[nfbmi-talk] Today's Airport Hearing
Terry D. Eagle
terrydeagle at yahoo.com
Thu Mar 17 12:13:50 UTC 2016
Now it is time to fight the discrimination that really impacts the daily
lives of blind persons, like discrimination in employment with inaccessible
state websites and the corrupt hiring of bedfellows, so the blind can even
afford to travel, beyond the few who live and travel on government pensions
and SSDI benefits.
From: nfbmi-talk [mailto:nfbmi-talk-bounces at nfbnet.org] On Behalf Of Fred
Wurtzel via nfbmi-talk
Sent: Tuesday, March 15, 2016 10:33 PM
To: NFB of Michigan Internet Mailing List <nfbmi-talk at nfbnet.org>
Cc: Fred Wurtzel <f.wurtzel at att.net>
Subject: [nfbmi-talk] Today's Airport Hearing
Hello Michigan Federationists,
Today 15 or 20 federationists showed up in federal court. We were great!
Things are really coming to a climax. The airport has sent its attorneys to
federal court to defend what we, NFB Michigan have identified as
discriminatory and segregated policies. We need any of you who can make it
to come to the airport, tomorrow at 2 pm to make public comment requesting
that the airport board reject the segregated bus stop plan. Please contact
me or Mike Powell if you need assistance or information about attending.
Below is a Free press article about today's court hearing. The link is:
We are definitely making progress. Please go to the Free Press web page and
make a comment on the web page about the article in support of the NFB and
requesting that the airport not segregate persons with disabilities and
create inaccessible and illegal facilities. Our message is simple. It was
accessible. It is not now accessible. Put it back.
Court action filed to halt Detroit airport plan for disabled bus stops
Eric D. Lawrence
, Detroit Free Press
8:40 p.m. EDT March 15, 2016
(Photo: Salwan Georges, Detroit Free Press)
A federal judge is weighing whether to issue a temporary restraining order
against a Wayne County Airport Authority plan for what disability advocates
claim would create "segregated bus stops."
Both sides faced off today arguing their positions before Judge Victoria
Roberts in U.S. District Court in Detroit. However, the airport authority,
which has faced intense criticism for the effort, has already opted to delay
the plan for two weeks until March 28. Roberts indicated she would issue a
Jason Turkish, the Southfield attorney leading the charge against the plan
on behalf of the Indian Trails and Michigan Flyer bus companies and disabled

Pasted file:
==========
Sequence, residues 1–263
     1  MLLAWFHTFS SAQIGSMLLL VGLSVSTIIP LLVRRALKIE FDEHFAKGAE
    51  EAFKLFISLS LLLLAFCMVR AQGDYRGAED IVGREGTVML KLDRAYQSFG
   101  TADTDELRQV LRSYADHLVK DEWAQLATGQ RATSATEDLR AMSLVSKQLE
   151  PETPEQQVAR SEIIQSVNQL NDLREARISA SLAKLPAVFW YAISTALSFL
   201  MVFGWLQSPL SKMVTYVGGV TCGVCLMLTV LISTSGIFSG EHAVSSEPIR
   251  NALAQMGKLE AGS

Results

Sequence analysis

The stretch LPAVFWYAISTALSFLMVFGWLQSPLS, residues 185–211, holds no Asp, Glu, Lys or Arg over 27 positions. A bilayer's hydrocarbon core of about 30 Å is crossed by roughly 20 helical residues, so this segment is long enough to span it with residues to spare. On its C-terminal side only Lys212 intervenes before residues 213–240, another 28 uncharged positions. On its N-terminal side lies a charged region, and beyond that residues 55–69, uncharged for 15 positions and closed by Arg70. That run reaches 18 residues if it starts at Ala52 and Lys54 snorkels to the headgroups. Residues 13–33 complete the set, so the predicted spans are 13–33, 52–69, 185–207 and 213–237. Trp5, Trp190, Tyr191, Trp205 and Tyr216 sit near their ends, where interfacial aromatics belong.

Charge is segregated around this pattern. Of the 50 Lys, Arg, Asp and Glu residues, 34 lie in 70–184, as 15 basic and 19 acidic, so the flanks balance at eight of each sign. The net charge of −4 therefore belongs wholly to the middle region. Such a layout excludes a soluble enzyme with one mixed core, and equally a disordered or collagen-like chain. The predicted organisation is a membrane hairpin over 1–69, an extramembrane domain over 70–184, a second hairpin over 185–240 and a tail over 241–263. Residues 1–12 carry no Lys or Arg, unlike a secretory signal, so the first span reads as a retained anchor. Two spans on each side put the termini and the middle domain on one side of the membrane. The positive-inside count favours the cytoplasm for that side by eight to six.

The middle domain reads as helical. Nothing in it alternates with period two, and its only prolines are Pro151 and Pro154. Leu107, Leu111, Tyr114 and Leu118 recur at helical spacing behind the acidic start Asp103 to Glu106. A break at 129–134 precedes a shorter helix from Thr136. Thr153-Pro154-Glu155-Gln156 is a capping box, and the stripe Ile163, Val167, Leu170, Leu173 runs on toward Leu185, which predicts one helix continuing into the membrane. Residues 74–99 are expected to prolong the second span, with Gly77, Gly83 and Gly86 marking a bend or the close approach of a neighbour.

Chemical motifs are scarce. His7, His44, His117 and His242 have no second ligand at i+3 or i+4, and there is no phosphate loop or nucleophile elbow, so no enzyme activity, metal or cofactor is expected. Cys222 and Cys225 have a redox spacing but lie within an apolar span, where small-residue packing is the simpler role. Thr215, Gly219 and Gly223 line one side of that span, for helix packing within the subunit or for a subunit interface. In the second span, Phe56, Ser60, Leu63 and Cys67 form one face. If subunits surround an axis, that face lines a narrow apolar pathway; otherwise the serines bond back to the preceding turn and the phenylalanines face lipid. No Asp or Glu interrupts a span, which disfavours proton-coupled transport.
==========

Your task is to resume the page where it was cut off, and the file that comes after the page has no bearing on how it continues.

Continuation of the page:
residents, has argued that the plan to add extra stops to provide closer
terminal access for disabled people while maintaining the current stops for
everyone else is illegal. He says that riders would have to identify
themselves as disabled to use the closer stops and that the real intent is
to hurt public transportation in the region.
"It injects chaos and confusion into what is already a very thin public
transit system in southeast Michigan," Turkish argued.
Gary August, the Farmington Hills-based attorney representing the airport
authority, said the effort is not segregation because riders would not be
required to use the stops. He called the program "100% voluntary." He also
argued that the case is really about one bus company's attempt - Michigan
Flyer and Indian Trails are affiliated - to secure a better bus stop for
"They believe Michigan Flyer - no one else - is entitled to the closest
accessible stop," August said.
Michigan Flyer operates the private-public AirRide service between Ann Arbor
and the airport. The bus service has been at the center of the battle over
the airport's decision in 2014 to move the public transportation bus stop
from curbside at the McNamara Terminal's International Arrivals area to the
farthest end of the Ground Transportation Center in the McNamara garage.
That added a significantly farther walk in an outdoor although covered
environment and set off a firestorm of criticism from the disability
community and various elected officials.
The airport authority issued its updated ground transportation regulations
late last month, prompting hundreds of critical e-mail responses from the
public. The Ann Arbor Area Transportation Authority, which called the stops
"problematic and potentially illegal," and the University of Michigan
Council for Disability Concerns also expressed concern or opposition.
Turkish has called on the airport authority to either make the new stops
open to all travelers or return the public transportation bus stop to its
The airport authority is spending an estimated $350,000 to alter the curb
area at the McNamara Terminal Departures level to accommodate the additional
drop-off stop. Pick-ups at McNamara for disabled riders would be at a door
closer to the terminal entrance.
Delta Airlines is also a defendant in the case, but argues it had nothing to
do with the proposed regulations. Turkish claims that the airline's key
position at the airport makes that irrelevant or untrue.
Contact Eric D. Lawrence: elawrence at freepress.com. Follow him on Twitter:
A lone wheel chair is seen at Detroit Metropolitan
A lone wheel chair is seen at Detroit Metropolitan Airport upper departure
level of the McNamara Terminal parking garage on Wednesday, March 9, 2016,
in Romulus, MI.
(Photo: Salwan Georges, Detroit Free Press)
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